Fig. 2

Two segments from each training sequences discriminating MoRFs region from other surroundings of IDR

Balanced sampling was enabled by extracting positive samples from segment A and randomly selecting the same number of negative samples from segment B. For each of the MoRF residues present in segment A, windowing technique is utilised and MoRF residue information, right neighbor region information (maximum of 12 amino acids) and left neighbor region information (maximum of 12 amino acids) are taken. Thus, features are generated from a segment centered on the input residue which is to be predicted. The number of positive samples for each sequence is equal to the number of MoRF residues per each sequence. To avoid over fitting in the process of training, non-MoRF residues that are not part of the Flanks of MoRF regions are selected. This is followed by random selection of same numbers of negative samples from segment B using the above procedure. The number of negative samples are increased to ratio 1:2, this gives twice as many negative samples compared to positive samples (2 non-MoRF residue segments for each MoRF residue segment). This ratio is also increased to 1:3 (3 non-MoRF residue segments for each MoRF residue segment) and the best ratio for training is selected by comparing the performance matrices. Furthermore, to guarantee unbiased prediction different sets of non-MoRF residue segments are randomly selected for each model with different window size.

Testing

To score a query protein sequence, the proposed method uses a sliding window to compute features. Since the size of the MoRF is not known, the center of the window is placed on the query residue to be predicted and the Flank size is varied on both sides for evaluation. For each varying window, the features are computed and processed using the SVM classifier.

SVM model and score fusion

We used two different SVM kernels, radial basis function (RBF) and sigmoid to evaluate the evolutionary information. Using each of the SVM kernels with window size of 7 in the windowing technique (w was selected as 7 due to the processing time), C and gamma values with best AUC, success rate and FPR were selected and used to evaluate the evolutionary information by varying the window size. Finally, best performing SVM models are selected and common averaging is applied to fuse the output score of each model. In common averaging output scores of all selected models are added and the sum is divided by the total number of models used.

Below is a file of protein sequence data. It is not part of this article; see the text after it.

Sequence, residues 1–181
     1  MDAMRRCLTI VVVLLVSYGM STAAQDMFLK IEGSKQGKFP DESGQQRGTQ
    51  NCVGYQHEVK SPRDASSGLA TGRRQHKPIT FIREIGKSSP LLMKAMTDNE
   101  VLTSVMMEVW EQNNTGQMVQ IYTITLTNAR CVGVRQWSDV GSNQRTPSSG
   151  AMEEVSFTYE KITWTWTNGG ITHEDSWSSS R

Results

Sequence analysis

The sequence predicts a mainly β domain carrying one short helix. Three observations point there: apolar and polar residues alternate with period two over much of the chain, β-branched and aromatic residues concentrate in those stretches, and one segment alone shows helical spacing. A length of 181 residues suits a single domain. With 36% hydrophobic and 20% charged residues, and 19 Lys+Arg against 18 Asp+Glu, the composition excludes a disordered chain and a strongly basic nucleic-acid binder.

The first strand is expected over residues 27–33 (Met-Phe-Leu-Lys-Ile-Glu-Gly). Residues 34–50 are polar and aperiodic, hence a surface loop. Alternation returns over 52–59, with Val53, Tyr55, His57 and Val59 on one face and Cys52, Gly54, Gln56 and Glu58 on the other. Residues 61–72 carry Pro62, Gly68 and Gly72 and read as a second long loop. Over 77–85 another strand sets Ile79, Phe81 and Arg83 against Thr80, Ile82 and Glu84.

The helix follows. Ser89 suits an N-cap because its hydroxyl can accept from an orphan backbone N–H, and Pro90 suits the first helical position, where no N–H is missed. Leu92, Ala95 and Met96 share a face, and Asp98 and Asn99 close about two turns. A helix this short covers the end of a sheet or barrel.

Performance measure

To appropriately rank and compare the proposed method with the available MoRF predictors, we used three evaluation metrics. These are AUC (area under the ROC curve), success rate and accuracy. These evaluation metrics have been previously used to compare and analyse MoRF predictors [8, 20, 21] and are described in detail by Disfani et al. [8]. Success rate is used to analyse and compare the mean predicted propensity scores of real MoRF residues to that of non-MoRF residues. Accuracy is defined as the percent of residues that are correctly classified as MoRFs and non-MoRFs.

Results

Appropriate SVM models with selected features were identified for the proposed method and the proposed method was evaluated using a test set. The performance matrices are compared with MoRFpred and ANCHOR predictors.

SVM model and feature selection

The dataset used in this study has more non-MoRF residues compared to the number of MoRF residues present in the sequences resulting in a biased prediction. To overcome this, three approaches are taken to under sample non-MoRFs residues during training, parameterization and feature selection. First, non-MoRF residues that do not interact with Flanks of the MoRFs region are selected. Second, random sampling is used to select two non-MoRF residues for each MoRF residue (2:1 ratio between non-MoRFs and MoRFs residue). The ratio is also extended to 3:1 using the entire surrounding of the MoRF and Flank regions within the IDR sequence to select non-MoRF residues. Moreover, each time, different sets of non-MoRF residue segments are randomly selected for each model.

Features and SVM models are selected using three criteria: empowering high AUC, high success rate and lower FPR. To achieve these goals, the SVM models are parameterized and the window size w in the windowing technique is varied in order to extract appropriate features from HMM profiles. Next, each set of selected features are fed to the SVM model with different kernels and gamma values. Performing grid search, C value of 1000 was approximated for both kernels producing best AUC, success rate and FPR, while gamma value of 0.0038 was selected for RBF kernel and gamma value of 5 was selected for sigmoid kernel to produce best AUC and FPR. Moreover gamma value of 5 was also selected for RBF kernel to produce high success rate. Finally three sets of SVM models (RBF kernel: C = 1000, gamma = 0.038; RBF kernel: C = 1000, gamma = 5; Sigmoid kernel: C = 1000, gamma = 5) were selected to evaluate each set of features generated by varying the window size.